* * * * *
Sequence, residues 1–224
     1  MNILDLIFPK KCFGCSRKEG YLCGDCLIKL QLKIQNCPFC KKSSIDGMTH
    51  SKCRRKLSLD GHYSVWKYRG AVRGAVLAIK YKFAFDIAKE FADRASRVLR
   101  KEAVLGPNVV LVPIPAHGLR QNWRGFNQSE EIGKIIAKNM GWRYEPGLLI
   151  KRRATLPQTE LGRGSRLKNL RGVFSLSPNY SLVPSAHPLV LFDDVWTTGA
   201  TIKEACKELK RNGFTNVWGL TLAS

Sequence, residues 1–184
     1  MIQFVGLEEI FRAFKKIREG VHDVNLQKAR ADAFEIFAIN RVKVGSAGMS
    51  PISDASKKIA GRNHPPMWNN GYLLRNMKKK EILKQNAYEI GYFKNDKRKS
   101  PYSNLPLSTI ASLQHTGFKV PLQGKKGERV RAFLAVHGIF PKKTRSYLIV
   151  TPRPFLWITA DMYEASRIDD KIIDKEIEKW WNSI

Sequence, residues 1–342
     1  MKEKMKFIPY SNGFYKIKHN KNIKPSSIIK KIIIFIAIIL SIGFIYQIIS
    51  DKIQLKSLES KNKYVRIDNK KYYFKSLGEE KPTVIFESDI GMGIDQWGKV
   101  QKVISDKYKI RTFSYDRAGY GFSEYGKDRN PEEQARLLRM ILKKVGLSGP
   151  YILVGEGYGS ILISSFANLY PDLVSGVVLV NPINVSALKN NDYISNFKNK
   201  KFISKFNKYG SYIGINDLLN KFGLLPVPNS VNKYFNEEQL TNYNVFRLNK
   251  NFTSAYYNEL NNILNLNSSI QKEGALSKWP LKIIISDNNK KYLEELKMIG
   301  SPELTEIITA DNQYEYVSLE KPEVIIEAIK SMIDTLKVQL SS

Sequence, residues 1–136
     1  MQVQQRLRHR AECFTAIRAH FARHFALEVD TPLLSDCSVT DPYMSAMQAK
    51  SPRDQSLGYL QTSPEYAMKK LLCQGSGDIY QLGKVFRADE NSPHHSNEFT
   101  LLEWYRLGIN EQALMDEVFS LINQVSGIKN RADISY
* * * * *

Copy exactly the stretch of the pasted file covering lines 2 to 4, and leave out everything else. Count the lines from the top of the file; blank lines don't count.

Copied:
     1  MNILDLIFPK KCFGCSRKEG YLCGDCLIKL QLKIQNCPFC KKSSIDGMTH
    51  SKCRRKLSLD GHYSVWKYRG AVRGAVLAIK YKFAFDIAKE FADRASRVLR
   101  KEAVLGPNVV LVPIPAHGLR QNWRGFNQSE EIGKIIAKNM GWRYEPGLLI